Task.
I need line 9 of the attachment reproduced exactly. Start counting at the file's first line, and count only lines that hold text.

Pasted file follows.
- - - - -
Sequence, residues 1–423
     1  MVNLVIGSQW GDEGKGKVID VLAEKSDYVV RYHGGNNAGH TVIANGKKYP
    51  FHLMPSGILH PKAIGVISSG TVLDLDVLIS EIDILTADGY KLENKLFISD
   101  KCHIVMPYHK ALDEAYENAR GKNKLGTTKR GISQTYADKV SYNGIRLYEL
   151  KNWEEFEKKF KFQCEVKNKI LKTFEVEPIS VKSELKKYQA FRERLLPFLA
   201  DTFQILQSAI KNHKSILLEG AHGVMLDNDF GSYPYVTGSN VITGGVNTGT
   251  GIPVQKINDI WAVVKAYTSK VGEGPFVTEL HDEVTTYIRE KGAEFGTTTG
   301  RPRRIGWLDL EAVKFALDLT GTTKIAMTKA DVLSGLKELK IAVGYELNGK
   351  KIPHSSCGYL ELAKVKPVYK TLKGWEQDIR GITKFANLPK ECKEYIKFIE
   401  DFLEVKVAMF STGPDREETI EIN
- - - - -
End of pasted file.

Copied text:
   351  KIPHSSCGYL ELAKVKPVYK TLKGWEQDIR GITKFANLPK ECKEYIKFIE